In Iejima, students learn of two soldiers who lived in a tree for two years, not knowing the war was over

In Iejima, students learn of two soldiers who lived in a tree for two years, not knowing the war was over

Third-grade students at Ie Elementary School listening to Takao Miyagi speak under the “Niiban Gazimaaru” tree, on June 24, in Nishiemae, Ie Village

July 4, 2021 Ryukyu Shimpo

By Mitsue Chinen


(Ie) With the aim of teaching about the tragedy of battle on Iejima and instilling a wish for peace, Ie Elementary School (principal: Kyoko Kohatsu) has established a curriculum for first-grade to sixth-grade students, adapted to each grade, and is carrying out peace study in which the students visit war sites on the island and hear from people who experienced the war.


On June 24, third-grade students from Ie Elementary School visited the “Niiban Gazimaaru” and listened to Nishiemae resident Takao Miyagi speak about the war. Niiban in “Niiban Gazimaaru” is the name of the Miyagi family home where the Gazimaaru tree is located. Two Japanese soldiers, Shujun Sashida of Uruma City and Shizuo Yamaguchi of Miyazaki Prefecture, lived in this tree, hiding away from U.S. soldiers, for two years from 1945 to 1947, not knowing that Japan had already lost the war.


Miyagi told the students of how the two lived in the tree for two years, and introduced them to Kazuko Manabe’s book “Nuchi du takara: ki no ue de kurashita ninenkan (life is a treasure: two years spent living up in a tree)” and the stage play “Ki no ue no guntai (military troops up in a tree),” which were written based on the story of the two.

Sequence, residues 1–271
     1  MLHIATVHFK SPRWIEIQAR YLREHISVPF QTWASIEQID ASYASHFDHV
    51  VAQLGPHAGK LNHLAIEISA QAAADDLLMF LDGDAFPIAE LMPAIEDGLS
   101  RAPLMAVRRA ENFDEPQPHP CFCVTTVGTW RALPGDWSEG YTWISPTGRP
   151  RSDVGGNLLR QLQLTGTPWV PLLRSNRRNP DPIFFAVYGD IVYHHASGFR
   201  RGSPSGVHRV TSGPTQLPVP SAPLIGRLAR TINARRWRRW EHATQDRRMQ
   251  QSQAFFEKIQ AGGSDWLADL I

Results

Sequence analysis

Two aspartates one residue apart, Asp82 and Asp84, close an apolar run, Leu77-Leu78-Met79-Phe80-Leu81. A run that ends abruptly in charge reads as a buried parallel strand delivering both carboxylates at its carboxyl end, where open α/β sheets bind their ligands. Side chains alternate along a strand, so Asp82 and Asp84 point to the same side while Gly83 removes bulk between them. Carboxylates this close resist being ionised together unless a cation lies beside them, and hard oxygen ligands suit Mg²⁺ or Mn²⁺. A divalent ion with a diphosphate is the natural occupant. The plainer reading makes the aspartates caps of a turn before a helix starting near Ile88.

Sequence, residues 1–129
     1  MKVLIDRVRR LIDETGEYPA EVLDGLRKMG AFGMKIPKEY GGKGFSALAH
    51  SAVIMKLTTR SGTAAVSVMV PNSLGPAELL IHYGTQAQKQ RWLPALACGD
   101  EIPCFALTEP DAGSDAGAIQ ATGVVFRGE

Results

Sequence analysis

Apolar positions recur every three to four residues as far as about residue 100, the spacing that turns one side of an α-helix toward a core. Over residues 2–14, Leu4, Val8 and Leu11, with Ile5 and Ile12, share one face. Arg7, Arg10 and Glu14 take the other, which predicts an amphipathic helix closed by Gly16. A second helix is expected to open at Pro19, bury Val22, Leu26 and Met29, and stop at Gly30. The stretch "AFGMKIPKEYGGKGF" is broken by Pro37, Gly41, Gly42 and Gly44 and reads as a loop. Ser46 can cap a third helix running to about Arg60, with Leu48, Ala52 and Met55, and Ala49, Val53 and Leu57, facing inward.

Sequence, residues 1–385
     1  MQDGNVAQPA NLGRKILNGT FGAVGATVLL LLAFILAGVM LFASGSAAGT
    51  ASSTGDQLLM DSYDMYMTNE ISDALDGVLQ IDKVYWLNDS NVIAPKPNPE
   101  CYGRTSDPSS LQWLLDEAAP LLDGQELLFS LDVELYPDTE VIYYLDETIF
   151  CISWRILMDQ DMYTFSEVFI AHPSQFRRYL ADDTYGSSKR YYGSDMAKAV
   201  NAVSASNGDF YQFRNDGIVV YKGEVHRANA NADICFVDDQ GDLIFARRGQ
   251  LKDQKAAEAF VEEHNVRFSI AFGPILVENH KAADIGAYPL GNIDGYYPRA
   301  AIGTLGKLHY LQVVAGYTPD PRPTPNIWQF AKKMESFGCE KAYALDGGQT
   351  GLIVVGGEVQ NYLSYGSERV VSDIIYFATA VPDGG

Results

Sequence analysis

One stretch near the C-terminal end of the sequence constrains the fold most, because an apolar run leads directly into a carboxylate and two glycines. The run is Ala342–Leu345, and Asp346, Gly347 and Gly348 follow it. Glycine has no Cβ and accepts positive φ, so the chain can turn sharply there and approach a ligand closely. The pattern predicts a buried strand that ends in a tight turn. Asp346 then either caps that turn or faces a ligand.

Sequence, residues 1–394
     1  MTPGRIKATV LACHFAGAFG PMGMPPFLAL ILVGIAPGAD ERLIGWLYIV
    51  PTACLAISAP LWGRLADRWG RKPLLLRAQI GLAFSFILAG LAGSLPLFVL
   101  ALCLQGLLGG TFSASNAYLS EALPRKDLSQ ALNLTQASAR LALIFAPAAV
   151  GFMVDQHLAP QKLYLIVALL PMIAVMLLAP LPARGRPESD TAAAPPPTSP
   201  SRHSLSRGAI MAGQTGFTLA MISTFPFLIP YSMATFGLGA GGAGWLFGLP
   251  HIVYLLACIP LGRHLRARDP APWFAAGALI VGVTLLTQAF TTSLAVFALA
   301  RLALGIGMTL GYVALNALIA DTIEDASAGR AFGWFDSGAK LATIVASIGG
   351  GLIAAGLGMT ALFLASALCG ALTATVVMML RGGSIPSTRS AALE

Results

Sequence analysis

“Nuchi du Takara: ki no une de kurashita ninenkan” describes the harsh living conditions in the tree. “Ki no ue no guntai” was drafted by Hisashi Inoue, written by Ryuta Horai, and performed by Tamiya Kuriyama.


“It is wonderful that now, in Japan, there is no war and we can live in peace and peace of mind. I hope you take today as an opportunity to think about the Battle of Okinawa and about peace,” Miyagi told the students. The students expressed their impressions, saying, “We shouldn’t make war,” “War is scary,” and “In a time of war I wouldn’t be able to go to school, and I wouldn’t like that.”


The “Niiban Gazimaaru” has been selected as one of the 100 notable trees in Okinawa. There are now many students and general tourists from other parts of Okinawa and elsewhere who stay and visit the tree as part of peace study activities.


(English translation by T&CT and Sandi Aritza)


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